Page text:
Check out our 2017 Elections Special
The result of the second ballot scheduled for April 2, 2017 will decide Ecuador’s next President. The verdict of the polls, in fact, in the first round on February 19 was not enough for any of the candidates to surpass the 40% threshold of votes required to win the election. Recourse to the ballot box was announced by President of the National Electoral Council Juan Pablo Pozo, after counting the votes.
The candidates' race
At the end of the first round, Lenin Moreno, the Progressive candidate linked to outgoing President Rafael Correa, gained 39.3% of the votes, while his main opponent, leader of the right and former banker Guillermo Lasso, stood at 28.1%. Moreno, 64, intends to pursue Correa’s "XXI century Socialism", but using softer, more engaging methods. He has always been committed to defending the weak and is forced to get around on a wheelchair as a result of an attack suffered in 1998. On the other hand, Lasso, 61, embodies the conservative right and prides himself on being a self-made man. The second round could prove risky for Moreno, who could find himself confronting all the opposition forces reuniting under Lasso.
Oil at the center of the economy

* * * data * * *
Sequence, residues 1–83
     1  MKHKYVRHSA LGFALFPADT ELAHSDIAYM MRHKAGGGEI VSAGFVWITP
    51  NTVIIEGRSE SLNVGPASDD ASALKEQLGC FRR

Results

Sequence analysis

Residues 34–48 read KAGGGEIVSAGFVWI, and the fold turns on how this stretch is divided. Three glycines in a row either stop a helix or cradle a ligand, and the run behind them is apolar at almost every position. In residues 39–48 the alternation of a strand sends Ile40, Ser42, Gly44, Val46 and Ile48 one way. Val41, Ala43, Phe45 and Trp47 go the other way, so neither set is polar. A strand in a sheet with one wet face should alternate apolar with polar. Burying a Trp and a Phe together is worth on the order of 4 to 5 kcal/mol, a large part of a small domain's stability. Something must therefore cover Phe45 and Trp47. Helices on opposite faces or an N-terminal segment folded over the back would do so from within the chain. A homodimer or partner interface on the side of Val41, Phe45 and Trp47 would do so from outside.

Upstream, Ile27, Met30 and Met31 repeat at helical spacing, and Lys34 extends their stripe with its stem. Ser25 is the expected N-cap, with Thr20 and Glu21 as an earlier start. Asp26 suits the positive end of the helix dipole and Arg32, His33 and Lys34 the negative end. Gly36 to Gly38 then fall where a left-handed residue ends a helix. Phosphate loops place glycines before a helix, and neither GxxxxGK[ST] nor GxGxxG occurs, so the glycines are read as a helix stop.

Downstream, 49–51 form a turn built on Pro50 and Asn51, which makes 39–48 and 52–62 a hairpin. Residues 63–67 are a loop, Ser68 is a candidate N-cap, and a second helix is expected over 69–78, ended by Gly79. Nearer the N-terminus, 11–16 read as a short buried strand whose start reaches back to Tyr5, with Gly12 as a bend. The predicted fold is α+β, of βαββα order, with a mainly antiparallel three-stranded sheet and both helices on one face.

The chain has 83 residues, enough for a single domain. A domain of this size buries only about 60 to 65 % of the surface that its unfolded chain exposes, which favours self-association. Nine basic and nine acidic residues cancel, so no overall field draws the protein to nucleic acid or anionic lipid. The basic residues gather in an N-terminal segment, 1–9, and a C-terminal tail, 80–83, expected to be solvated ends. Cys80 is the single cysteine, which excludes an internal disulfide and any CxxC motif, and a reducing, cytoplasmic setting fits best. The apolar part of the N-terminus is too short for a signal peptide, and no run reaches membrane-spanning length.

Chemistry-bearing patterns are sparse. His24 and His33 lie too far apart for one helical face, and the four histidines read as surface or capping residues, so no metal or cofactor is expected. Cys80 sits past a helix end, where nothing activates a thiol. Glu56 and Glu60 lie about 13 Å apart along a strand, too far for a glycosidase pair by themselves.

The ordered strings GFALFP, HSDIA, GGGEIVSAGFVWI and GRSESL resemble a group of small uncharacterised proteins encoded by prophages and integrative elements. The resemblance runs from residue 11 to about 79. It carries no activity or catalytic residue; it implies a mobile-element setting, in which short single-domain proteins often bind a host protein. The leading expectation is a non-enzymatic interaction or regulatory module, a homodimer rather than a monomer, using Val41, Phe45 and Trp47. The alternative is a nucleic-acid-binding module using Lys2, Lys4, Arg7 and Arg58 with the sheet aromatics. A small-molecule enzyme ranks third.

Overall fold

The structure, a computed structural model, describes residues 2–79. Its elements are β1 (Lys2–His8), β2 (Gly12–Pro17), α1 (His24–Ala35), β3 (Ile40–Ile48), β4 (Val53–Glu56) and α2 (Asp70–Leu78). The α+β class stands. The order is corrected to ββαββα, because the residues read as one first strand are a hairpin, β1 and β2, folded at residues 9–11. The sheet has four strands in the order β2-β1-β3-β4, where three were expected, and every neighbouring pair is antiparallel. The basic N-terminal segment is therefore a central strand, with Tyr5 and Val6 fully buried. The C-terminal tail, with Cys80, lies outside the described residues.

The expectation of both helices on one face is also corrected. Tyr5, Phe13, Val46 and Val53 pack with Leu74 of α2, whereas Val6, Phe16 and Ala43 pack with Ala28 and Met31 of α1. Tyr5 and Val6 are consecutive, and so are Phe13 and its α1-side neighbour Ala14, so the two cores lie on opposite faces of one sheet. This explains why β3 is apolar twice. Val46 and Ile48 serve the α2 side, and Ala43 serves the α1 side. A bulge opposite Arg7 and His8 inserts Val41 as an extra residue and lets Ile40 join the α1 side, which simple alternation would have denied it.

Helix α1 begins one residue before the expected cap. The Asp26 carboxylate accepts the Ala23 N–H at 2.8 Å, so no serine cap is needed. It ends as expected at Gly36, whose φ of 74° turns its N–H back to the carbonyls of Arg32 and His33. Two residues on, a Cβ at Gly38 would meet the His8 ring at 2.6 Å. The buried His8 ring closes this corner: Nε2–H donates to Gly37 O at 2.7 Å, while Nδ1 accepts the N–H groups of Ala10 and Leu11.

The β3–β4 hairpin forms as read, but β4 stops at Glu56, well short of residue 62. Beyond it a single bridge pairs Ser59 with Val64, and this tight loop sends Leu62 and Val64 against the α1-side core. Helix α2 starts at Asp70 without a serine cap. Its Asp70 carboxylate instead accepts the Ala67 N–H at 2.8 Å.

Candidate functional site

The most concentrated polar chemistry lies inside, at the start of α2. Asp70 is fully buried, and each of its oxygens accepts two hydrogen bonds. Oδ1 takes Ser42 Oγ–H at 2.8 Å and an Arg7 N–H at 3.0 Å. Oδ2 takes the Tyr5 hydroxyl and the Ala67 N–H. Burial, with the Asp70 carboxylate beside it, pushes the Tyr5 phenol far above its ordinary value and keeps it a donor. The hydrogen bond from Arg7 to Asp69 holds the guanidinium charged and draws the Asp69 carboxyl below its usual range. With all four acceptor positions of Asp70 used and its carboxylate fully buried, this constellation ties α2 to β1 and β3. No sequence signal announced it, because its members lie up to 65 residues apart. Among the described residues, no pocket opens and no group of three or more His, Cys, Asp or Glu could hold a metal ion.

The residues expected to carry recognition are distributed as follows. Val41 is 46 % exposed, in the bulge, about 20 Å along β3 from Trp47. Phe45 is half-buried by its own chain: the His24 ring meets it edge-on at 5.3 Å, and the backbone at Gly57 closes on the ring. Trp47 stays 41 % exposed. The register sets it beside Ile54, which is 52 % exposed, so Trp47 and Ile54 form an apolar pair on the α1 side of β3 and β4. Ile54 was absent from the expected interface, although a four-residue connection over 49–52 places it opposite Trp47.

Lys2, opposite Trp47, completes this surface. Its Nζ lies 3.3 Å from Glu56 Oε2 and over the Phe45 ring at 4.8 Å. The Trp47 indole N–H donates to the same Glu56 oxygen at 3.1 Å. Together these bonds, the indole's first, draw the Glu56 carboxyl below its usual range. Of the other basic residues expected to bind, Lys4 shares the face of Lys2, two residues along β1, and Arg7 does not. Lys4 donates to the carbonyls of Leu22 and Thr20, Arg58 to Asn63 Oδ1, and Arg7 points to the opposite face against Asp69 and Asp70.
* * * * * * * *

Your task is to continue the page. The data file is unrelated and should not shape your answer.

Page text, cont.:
For the South American country, the oil sector accounts for more than half of its proceeds from exports and approximately two-fifths of public sector revenues. Ecuador became a member of OPEC in 2007, after its exit in 1992 due to its internal financial situation. Historically affected by heated debates on the possibility of developing the energy industry, in relation to the economic, strategic and environmental implications that this would have led to, the country still suffers from a lack of sufficient refining capacity to be able to meet local demand, a situation that has always forced Ecuador to import refined products, thus limiting its net revenues derived from oil which, in any event, account for 79% of the country’s total energy consumption. As at December 2015, oil reserves stood at 8,275 million barrels, placing the country third in South America, after Venezuela and Brazil. There are three major national oil companies (NOCs), Petroecuador, Petroamazonas, and laOperaciones Rio Napo, a joint venture between Petroecuador and Petroleos de Venezuela, which owns most of the national oil production. Many foreign companies operate in the country, including Eni, Repsol, Tecpetrol (Argentine state-owned company), and Andes Petroleum, a consortium between China National Petroleum Corporation (55%) and China Petrochemical Corporation (45%). Rather modest, however, is natural gas production which, in 2015, stood at around 0.71 billion cubic feet (source: World Oil and Gas Review 2016).